Continuing with my review of this radio...
The basic functionality of this radio is very easy to use. It is a basic radio that will serve most casual users well. I envision 4x4 vehicles like Jeeps which have tight installation requirements will benefit most from a radio like this. The radio has a very large, easy to read, and bright display that make it very easy to see what is going on at a quick glance.
The 680 has all of the basic functions included in larger radios, although many of these functions are simplified into toggle buttons. In my opinion, this is a great approach for the casual user. Look closely at this pic that shows all of the button and knobs:
The only knobs are the On/Off/Volume and outer squelch on the left, and the channel knob on the right. Every other function is accomplished using the buttons at the bottom of the display. Below the S/RF meter and channel display, you can also see the function indicators that tell you what you have enabled. In the picture above, you can see that I've turned the RF gain toggle up (DX), the radio is in CB
mode instead of PA), the Noise Limiter/Noise Blanker is on, and the Mic Gain is set to high. As you can tell, these indicators also pretty much describe the functionality of the radio. The 9/19 channel button and Dim/BRT buttons are fairly self explanatory.
The 680 has a built in "beep" function when you press buttons that is very loud. If I have one complaint about this radio, it's that there's no way to turn the beep off. The other beep function is on channel change. The radio beeps once when increasing the channel and twice rapidly when decreasing the channel. Again, I wish there was a way to turn this off, too. Power & Modulation Tests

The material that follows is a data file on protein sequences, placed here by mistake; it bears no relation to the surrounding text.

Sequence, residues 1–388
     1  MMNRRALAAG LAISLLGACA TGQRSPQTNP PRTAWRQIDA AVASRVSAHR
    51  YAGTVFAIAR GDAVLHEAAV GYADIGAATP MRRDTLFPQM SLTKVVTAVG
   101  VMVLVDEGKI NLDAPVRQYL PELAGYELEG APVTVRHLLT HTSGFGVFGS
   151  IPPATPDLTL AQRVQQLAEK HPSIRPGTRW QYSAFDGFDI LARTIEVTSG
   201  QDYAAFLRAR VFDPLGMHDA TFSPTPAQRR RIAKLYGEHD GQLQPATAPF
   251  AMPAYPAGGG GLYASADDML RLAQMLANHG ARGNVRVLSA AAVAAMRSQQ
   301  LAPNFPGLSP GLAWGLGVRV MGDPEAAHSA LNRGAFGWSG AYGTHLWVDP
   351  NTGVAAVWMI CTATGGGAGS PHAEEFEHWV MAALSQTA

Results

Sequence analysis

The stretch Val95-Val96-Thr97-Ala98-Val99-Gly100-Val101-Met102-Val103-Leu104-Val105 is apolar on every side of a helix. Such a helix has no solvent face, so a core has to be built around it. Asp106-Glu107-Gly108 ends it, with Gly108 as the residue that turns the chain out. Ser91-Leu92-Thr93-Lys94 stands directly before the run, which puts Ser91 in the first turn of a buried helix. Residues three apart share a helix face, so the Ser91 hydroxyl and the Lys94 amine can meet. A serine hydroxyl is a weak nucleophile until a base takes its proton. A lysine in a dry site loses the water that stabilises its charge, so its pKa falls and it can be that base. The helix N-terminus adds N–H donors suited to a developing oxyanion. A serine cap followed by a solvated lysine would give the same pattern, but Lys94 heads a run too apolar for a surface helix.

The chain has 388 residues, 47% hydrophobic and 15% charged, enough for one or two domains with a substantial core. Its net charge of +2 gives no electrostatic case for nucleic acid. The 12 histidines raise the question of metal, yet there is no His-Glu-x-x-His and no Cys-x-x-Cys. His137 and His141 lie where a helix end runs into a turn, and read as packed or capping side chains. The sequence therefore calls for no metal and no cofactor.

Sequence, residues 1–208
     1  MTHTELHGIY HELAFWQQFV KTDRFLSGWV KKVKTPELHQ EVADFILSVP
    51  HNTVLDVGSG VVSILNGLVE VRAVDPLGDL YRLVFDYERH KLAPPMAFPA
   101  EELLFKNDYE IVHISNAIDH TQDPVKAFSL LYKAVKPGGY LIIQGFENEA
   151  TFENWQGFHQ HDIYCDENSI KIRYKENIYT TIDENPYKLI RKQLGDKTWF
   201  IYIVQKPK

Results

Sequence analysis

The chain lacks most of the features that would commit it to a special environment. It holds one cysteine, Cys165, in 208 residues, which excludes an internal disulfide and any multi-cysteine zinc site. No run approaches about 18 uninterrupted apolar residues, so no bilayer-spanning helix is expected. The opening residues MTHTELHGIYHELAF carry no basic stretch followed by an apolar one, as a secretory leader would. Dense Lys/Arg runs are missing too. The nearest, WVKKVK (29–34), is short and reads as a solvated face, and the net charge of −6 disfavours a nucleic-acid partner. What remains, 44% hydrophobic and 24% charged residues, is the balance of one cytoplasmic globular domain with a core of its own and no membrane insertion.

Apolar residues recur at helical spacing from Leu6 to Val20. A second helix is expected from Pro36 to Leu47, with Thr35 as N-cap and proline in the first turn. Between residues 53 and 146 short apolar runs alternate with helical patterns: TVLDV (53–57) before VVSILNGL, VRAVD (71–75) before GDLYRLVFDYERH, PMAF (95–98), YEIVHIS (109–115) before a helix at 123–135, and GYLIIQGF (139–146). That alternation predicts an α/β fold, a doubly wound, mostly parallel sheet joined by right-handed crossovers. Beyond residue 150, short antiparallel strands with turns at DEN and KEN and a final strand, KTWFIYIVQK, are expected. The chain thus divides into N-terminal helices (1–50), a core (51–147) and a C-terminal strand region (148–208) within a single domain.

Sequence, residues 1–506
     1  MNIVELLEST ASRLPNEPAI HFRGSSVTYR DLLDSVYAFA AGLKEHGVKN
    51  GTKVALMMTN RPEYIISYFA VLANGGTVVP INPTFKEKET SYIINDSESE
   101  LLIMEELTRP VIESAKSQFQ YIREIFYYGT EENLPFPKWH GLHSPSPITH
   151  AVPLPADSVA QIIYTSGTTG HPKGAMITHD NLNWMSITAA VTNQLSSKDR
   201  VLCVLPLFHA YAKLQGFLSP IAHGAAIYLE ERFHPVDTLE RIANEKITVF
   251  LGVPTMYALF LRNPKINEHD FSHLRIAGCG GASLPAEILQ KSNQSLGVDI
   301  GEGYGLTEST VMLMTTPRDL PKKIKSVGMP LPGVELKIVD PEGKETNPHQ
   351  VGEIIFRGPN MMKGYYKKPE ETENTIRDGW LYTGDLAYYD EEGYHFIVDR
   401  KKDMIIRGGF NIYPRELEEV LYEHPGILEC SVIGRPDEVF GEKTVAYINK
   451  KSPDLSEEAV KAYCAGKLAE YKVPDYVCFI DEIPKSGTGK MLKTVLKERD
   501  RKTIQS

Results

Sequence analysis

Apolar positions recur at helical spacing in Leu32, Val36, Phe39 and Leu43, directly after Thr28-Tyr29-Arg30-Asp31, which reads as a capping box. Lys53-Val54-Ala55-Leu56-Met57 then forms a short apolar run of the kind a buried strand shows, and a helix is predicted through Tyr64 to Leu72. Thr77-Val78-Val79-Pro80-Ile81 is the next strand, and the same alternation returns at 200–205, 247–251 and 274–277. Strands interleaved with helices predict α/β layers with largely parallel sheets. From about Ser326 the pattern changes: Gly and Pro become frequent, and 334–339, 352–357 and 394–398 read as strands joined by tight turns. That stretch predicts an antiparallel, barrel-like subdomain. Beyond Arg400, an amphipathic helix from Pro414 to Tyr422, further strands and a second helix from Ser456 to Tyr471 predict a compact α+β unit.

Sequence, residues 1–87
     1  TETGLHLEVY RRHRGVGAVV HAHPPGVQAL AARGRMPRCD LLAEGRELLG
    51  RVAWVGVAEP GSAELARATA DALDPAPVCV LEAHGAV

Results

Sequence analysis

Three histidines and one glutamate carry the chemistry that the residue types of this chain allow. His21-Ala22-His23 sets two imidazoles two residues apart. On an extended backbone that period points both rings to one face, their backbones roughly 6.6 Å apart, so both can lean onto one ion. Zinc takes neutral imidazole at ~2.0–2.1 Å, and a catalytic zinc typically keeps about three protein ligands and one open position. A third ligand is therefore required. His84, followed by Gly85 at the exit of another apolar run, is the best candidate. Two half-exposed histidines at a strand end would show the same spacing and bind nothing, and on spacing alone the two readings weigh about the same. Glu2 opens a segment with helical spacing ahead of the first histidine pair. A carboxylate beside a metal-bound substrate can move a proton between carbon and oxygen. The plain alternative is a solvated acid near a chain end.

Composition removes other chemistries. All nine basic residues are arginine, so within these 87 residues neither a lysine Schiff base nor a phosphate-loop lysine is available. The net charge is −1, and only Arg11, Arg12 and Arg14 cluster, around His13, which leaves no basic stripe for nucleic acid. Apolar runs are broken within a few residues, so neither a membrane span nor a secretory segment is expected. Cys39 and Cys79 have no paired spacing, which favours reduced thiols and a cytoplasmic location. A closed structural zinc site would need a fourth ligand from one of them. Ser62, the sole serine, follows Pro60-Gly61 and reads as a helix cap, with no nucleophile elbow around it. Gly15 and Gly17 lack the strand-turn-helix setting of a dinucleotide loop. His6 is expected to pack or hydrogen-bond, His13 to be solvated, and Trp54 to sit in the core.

Although I no longer own an oscilloscope, I thought others might find some basic power measurement tests useful. I hooked the radio up to my Bird43P with a 50H element and a dummy load attached directly to the meter. My results show that the radio emits a carrier right at 4 watts with peak modulation using the High mic setting at 18 watts. Not bad at all for a stock radio. On the Air
I spent some time talking to various stations tonight using the included stock mic. Every single station told me that the radio sounded clean with nice audio. I told them all that I was using this new radio with the stock mic and received nothing but compliments. Of course, there were a couple of stations that wanted to hear more brash audio, but in the end everyone was happy with how a stock radio sounded. A few were even a little surprised that I was using a bone stock radio with the the stock mic. This round of tests were performed at the home location on a base antenna.
Next up, testing in the mobile. My Jeep puts out a bit of ignition and alternator noise, so it will be interesting to see how well the built in ANL/NB works.